The dinosaur figurines on the map correspond to the locations where the community air-monitoring project, Operation Dinosaur, takes place.
Living in close proximity to industry, "fence line communities" face some of the worst, under-reported environmental injustices and toxic conditions.
Unlike other large cities, Houston has no zoning regulations. As a result, many homes in East Houston fall directly in the shadow of refineries and other polluting industries and bear the brunt of environmental toxins and hazards.
Operation Dinosaur is an extensive air quality monitoring operation led by The Natural History Museum and T.E.J.A.S., in partnership with scientists from Texas Southern University.
Dinosaurs outfitted with OVM (Organic Vapor Monitor) badges are placed on porches, playgrounds, and in parks to measure the levels of pollutants local residents are exposed to.
The data collected will be used by TEJAS in their campaigns to educate and empower local community members with knowledge about what’s in the air they breathe.
The air quality monitoring badges used in Operation Dinosaur are the same worn by workers inside polluting plants as part of their safety protocol.
Air quality monitoring badges placed outside homes in the community of Manchester, ground zero for toxic pollution in East Houston.
In this hologram installation, members of TEJAS offer one of their "toxic tours" within a miniature diorama depicting a scene in East Houston.
This hologram video is projected inside a miniature diorama of the HMNS dinosaur wing. One of The Natural History Museum's museum anthropologists acts as a tour guide of the HMNS, exploring what we see, how we see, and what remains excluded from our seeing.
Over the next few months while the exhibition is up, we’re collaborating with local environmental justice group T.E.J.A.S. and scientists from Texas Southern University to host monthly “toxic tours” and conduct an extensive air quality monitoring study in the neighborhoods abutting the world’s largest petrochemical hub. Dubbed “Operation Dinosaur”, it approximates the conditions of a landmark study conducted by the Houston Chronicle a little over 10 years ago which revealed high concentrations of several cancer-causing chemicals in the air of East Houston’s fence-line communities.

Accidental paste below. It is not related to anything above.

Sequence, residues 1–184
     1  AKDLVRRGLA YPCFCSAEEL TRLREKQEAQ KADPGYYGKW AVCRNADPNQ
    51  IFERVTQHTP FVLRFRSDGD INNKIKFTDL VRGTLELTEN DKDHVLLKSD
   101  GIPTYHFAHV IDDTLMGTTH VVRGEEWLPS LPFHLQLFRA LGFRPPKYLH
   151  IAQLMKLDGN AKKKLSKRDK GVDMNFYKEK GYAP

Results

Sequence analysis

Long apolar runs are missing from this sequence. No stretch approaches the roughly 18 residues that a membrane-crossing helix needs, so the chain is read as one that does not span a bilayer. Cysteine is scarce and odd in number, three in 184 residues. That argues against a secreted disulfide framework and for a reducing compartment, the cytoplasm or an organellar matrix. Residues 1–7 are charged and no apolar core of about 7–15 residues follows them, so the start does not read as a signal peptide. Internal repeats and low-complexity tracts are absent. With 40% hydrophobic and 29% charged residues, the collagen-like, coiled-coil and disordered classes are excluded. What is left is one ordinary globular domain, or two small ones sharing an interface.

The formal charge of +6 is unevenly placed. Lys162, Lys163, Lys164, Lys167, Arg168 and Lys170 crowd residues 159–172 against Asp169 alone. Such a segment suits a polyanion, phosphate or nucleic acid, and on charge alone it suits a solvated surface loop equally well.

Given that the EPA’s Clean Power Plan–which would have mandated fence-line community monitoring–is in limbo (thanks to a lawsuit led by the state of Texas), it’s our hope this independent study may serve to highlight the need for fence-line monitoring.
Already it seems it has — the Houston Chronicle ran a sympathetic editorial that highlights the influence of fossil fuel companies in Houston and persistent air quality concerns in low-income communities of color living in proximity to industry:
“The exhibit focuses a skeptical and irreverent magnifying glass on the Houston Museum of Natural Science. The provocative question that this exhibit poses is whether the HMNS is a “pr front for the fossil fuel industry?”
“There’s an academic truth in this criticism of fossil-fueled donations – you won’t find much about global warming or benzene pollution in the HMNS’ Weiss Energy Hall.”
“Money can breed influence, even unconsciously. Oil has done a lot of good for Houston, but there is no check big enough to buy someone the right to make risky chemical alterations to air they don’t own and others must breathe. Ten years ago, that was the message from City Hall. We’re waiting to hear it echoed from a new administration.”
The environmental news blog Triple Pundit gave a shout-out to the international movement for #FossilFreeCulture, and applauded our critique of the influence of oil and gas money in science museums:
“Now the Houston Museum of Natural Science (HMNS), one of the most visited museums in the U.S., finds itself coming under scrutiny. A coalition of non-profits is suggesting that the HMNS is a front for oil and gas companies. The instigator is The Natural History Museum, a mobile museum that seeks to “highlight the socio-political forces that shape nature.” Insisting that corporate money has perverted the pursuit of science, the organization that runs The Natural History Museum accuses corporations of funding museums and exhibitions with the ulterior motive to enhance their agenda.”
“Hence this group, which includes the journalist Naomi Klein and co-founder of the International Physicians for the Prevention of Nuclear War (a 1985 Nobel Peace Prize Winner), Eric Chivian, is trying to take science back for all of society, not just for the well-funded few.”